This computer cabinet had seen about four different motherboards. Each one required a bump up in the processor. Also a jump in the RAM. Many of the upgrades remained with Windows XP. I was a very late mover out of XP. When I made the move to Windows 10, I left the ASUS and Intel Motherboards and moved to MSI. This is the brand of the computer game enthusiasts.
My recent interest in Day Trading has required me to add more monitors. While I have exhausted what I could put into the old cabinet without an extra video card, I could still get 3 to work. When this gets up and running, I will still have 3 working. I need to wait on the video card as this is already too expensive. I needed to replace the processor, the motherboard and the RAM already. It is over $1000.
I probably could have saved the old computer if I had reacted sooner. The old video card was pulled because the fan on it was so loud. Day traders need multiple monitor setups and I know I will have to add a video card which means more fan noise. Well, the new case that I had to buy to accommodate the new requirements of the video cards also contains 5 case fans for cooling. When I add more video cards there will be two more fans. If you include the power supply and the processor fan, this is going to be one loud pc setup. I hope that I will still be married next week.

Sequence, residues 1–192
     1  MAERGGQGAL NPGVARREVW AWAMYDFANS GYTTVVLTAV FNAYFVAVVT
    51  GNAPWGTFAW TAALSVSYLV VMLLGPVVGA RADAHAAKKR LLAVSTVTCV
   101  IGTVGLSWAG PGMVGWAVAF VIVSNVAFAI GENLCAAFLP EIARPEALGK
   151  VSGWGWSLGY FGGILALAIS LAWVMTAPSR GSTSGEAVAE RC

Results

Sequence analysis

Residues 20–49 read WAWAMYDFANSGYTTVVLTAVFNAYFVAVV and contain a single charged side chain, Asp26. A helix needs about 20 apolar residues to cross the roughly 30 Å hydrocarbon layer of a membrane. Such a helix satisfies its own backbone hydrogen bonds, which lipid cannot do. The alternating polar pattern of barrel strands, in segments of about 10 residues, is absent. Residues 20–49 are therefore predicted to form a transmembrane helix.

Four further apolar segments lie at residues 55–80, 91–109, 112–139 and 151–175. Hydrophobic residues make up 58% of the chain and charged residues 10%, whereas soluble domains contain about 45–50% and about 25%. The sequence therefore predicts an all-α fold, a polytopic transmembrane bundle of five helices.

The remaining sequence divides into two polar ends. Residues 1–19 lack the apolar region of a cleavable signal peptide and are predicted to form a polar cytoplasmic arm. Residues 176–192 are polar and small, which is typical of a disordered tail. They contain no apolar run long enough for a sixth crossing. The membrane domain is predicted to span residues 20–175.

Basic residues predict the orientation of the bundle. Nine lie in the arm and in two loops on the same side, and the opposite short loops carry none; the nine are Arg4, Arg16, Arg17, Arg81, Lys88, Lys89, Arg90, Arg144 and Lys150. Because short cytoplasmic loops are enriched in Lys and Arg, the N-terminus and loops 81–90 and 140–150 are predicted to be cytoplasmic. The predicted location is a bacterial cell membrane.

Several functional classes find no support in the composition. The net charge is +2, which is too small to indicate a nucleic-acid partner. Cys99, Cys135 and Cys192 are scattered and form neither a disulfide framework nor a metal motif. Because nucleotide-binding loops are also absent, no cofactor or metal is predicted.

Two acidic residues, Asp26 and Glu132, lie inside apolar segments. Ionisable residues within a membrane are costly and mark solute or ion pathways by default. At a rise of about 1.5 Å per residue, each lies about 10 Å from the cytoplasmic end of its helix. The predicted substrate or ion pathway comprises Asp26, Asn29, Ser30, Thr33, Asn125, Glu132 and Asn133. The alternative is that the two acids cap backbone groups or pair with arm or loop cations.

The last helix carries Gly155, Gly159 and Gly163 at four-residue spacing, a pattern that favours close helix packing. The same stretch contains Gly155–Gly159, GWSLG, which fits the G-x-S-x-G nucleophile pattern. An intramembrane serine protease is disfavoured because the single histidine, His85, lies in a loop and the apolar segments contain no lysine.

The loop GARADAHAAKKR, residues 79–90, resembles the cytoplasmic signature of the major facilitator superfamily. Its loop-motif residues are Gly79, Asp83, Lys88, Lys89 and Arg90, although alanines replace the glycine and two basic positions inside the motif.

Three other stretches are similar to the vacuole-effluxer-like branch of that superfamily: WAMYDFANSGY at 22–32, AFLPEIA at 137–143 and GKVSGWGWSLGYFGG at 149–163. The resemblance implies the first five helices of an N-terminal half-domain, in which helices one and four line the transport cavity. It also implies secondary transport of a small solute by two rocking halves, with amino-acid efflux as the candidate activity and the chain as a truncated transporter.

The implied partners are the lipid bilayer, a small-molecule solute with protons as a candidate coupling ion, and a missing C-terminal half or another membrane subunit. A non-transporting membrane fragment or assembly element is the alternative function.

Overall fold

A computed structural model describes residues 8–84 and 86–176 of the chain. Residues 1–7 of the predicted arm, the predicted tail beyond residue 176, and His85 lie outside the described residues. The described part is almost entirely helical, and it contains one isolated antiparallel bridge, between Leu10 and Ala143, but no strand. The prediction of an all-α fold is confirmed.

So what about creativity??? There is no better message to convey to the world than the one where you are reminded that you create your reality everyday. It’s up to you. I learned that with my health. It goes like this. I wanted ice cream. My wife wanted a cookbook. We went to the bookstore. She went for a diet. I went for ice cream. On the aisle on the way to the ice cream shop in the mall, I ran across a display with books written by a particular doctor. I had seen a couple videos on the Internet. I was intrigued. I bought the book, read it and gave it a chance…really gave it a chance and now…I am a whole new me.
Creation takes time. I know it. So…having never given anything a chance that it should have…I finally decided to run the program. It helps that it was written by a doctor. It helps that he has a practice right here in the Coachella Valley where I live. I still haven’t seen him. I have run the program. Here is where I started.
I began in chronic pain from the knee. I had both blood clots in my leg and torn cartilage in my knees. I know that is what I have. I didn’t even need to get a diagnosis. I did go to the doctor in June of 2018 so that I could get a real doctor in my California home. He ran a bunch of baseline tests. He didn’t show extreme concern since the hospital already had me on blood thinners from the most recent DVT.
I ignored my condition for about a year and then in May of 2019, I began the program based on The Plant Paradox. It is a book by Dr. Steven Gundry. It has been 149 days. I went for a followup series of blood tests. And my eyes are opened.